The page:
Saturday movie review: The Cobbler

A mish-mash of themes, unexpected elements, and a surprisingly diverse cast are cobbled together to create an entertaining and engaging fable of sorts called THE COBBLER, released in March of this year.

The Cobbler movie

In THE COBBLER you'll find:

  • opening scenes featuring subtitles translating Yiddish conversation between craftsmen of a long-gone generation
  • a Jewish urban legend
  • New York gangsters and thugs
  • a pretty young gal trying to save a community
  • humor
  • heart
  • romance—long-term as well as budding
  • a magical heirloom
  • homemade pickles
  • themes of fathers and sons, being oneself, making a difference in the world
  • a zombie (or so it seems)
  • saving soles—and souls
  • an unhappy and lonely businessman... played by Adam Sandler in a part very different from those rife with annoying, over-the-top antics
  • Steve Buscemi, rapper Method Man, Ellen Barkin, and—in a role uncredited in opening credits—Dustin Hoffman

A mish-mash, right? A mish-mash that, I must admit, entertained me.

THE COBBLER stars Adam Sandler as Max Simkin, who has taken over the family shoe-repair business handed down to each son, beginning several generations past. He's unhappy and lonely, interacting with only—besides his customers—Jimmy the barber next door (Steve Buscemi) and his aging and ill mother with whom he lives.

His life is upended, though, when his sole-stitching machine breaks in the midst of repairing the shoes of a demanding thug (Method Man), and he resorts to using the heirloom stitcher passed down with the store many generations ago. A machine that turns out to have magical powers.


I haven't enjoyed the silly comedic roles Adam Sandler plays for quite some time—if ever, really. THE COBBLER, though, has more the feel of the Adam Sandler who starred in SPANGLISH, my favorite film starring him. Sandler's Max is a little depressed and beaten down by having no choice but to carry on the family business. He's a good son to his mother, though, and a good friend to Jimmy. He's kind to most of his customers and excellent at his craft.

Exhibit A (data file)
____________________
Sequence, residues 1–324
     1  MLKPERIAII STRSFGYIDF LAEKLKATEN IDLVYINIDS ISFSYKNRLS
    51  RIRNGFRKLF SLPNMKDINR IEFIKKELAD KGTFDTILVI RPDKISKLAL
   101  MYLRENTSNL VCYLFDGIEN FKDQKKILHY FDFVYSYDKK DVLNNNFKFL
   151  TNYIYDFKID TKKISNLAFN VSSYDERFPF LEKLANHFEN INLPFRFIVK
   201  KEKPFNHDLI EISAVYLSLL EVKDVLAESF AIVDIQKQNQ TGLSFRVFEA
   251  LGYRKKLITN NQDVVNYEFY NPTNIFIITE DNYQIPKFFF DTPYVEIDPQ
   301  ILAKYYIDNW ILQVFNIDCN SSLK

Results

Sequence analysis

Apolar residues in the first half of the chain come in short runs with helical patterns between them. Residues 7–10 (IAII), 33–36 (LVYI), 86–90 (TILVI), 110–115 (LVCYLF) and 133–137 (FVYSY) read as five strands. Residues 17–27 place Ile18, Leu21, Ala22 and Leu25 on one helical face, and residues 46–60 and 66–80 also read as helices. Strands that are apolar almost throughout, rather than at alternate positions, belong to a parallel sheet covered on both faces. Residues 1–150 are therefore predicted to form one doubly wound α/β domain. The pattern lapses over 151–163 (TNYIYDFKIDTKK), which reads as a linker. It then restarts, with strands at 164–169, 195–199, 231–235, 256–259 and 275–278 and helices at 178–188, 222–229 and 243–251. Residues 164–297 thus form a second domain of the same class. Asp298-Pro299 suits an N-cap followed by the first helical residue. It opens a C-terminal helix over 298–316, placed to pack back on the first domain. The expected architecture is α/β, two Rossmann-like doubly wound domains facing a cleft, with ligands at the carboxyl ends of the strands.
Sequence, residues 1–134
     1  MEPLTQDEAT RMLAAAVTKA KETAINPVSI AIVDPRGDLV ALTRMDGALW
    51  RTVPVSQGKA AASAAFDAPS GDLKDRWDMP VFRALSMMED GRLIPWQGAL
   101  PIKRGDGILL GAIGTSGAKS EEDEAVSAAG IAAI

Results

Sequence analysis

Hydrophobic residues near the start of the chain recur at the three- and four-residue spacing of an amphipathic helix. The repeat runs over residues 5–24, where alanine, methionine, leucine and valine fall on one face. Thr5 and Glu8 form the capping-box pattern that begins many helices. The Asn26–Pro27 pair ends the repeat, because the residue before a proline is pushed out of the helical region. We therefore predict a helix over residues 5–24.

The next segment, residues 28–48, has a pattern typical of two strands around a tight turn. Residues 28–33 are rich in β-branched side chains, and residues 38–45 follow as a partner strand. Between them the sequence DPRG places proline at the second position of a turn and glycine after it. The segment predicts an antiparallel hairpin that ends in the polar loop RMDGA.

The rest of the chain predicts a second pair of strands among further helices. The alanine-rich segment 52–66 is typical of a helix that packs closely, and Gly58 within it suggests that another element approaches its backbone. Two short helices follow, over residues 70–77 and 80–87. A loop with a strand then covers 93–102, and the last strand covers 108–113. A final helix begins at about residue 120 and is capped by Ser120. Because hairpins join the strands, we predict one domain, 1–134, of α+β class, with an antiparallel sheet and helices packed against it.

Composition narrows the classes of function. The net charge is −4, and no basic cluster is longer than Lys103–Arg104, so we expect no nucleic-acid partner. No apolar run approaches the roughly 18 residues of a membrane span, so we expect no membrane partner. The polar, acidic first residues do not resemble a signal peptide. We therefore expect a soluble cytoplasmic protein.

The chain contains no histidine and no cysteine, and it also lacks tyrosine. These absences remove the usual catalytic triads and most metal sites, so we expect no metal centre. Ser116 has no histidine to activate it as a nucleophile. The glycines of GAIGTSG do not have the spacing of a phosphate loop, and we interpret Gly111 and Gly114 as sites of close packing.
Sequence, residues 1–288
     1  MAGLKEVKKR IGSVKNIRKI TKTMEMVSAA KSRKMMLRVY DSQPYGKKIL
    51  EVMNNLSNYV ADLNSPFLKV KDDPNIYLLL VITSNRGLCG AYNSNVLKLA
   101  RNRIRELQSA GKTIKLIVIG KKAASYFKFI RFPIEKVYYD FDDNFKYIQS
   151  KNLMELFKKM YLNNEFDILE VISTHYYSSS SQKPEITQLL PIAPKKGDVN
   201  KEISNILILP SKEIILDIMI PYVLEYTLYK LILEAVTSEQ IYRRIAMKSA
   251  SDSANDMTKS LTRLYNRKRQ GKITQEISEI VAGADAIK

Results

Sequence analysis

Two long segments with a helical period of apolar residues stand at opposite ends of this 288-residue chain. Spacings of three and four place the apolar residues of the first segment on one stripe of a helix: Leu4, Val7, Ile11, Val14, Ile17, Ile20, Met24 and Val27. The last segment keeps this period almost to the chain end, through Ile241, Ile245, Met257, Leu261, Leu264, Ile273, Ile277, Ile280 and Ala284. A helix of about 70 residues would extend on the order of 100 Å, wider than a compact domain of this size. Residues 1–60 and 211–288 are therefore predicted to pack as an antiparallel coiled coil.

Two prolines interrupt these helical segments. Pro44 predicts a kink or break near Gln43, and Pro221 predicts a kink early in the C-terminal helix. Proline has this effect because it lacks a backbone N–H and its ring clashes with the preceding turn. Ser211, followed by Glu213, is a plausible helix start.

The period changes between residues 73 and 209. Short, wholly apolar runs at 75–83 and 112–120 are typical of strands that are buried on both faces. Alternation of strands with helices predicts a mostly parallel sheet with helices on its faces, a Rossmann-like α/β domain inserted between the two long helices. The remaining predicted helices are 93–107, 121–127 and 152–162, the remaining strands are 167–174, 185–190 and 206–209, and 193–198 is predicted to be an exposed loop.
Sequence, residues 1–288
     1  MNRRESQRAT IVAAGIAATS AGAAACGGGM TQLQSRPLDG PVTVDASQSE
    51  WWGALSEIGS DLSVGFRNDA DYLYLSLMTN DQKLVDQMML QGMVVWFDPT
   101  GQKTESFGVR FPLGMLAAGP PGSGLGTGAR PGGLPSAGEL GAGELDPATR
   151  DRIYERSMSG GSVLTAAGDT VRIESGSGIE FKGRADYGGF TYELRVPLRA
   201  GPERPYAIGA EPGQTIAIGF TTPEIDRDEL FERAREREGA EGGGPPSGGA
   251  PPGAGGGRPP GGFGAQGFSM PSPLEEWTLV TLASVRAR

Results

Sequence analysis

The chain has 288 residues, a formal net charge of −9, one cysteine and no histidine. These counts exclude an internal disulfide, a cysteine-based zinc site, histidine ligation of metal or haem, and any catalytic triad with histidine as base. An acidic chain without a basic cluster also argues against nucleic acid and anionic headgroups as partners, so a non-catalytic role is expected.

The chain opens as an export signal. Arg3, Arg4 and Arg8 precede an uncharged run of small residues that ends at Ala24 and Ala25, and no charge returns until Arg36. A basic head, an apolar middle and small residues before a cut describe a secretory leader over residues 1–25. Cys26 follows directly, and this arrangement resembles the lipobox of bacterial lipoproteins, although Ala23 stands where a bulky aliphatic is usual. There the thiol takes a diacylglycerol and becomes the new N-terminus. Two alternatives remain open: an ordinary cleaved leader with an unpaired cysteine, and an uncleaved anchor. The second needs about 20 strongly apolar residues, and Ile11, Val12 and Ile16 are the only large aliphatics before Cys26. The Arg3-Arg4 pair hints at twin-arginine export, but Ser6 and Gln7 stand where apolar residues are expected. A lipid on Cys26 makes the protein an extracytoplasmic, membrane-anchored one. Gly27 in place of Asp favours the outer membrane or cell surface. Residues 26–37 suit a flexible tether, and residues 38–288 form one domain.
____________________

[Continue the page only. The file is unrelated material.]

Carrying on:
Yet life hasn't turned out as Max hoped, and the magical shoe stitcher provides him an opportunity to walk in another man's shoes—literally—to see what another life might have been like. His initial revelation about the stitcher's powers and what he can do with it kept me chuckling—in large part because he underplayed the humor in it all, foregoing knee-slapping goofiness of most of his comedic roles.

Steve Buscemi has always been one of my favorite character actors, and he doesn't disappoint as kind-hearted Jimmy. Ellen Barkin proves she can still perfectly play a real <cuss>. And Dustin Hoffman warmed my heart in his magical part.

Here (after a long ad), Adam Sandler and director Tom McCarthy talk about the film:

THE COBBLER has taken a beating by critics and online commenters. I found the film sorta sweet and sorta fun—and sometimes that's all a movie needs to be.

THE COBBLER (Rated PG-13 for some violence, language and brief partial nudity) runs 99 minutes and is available on streaming, DVD, and Blu-ray.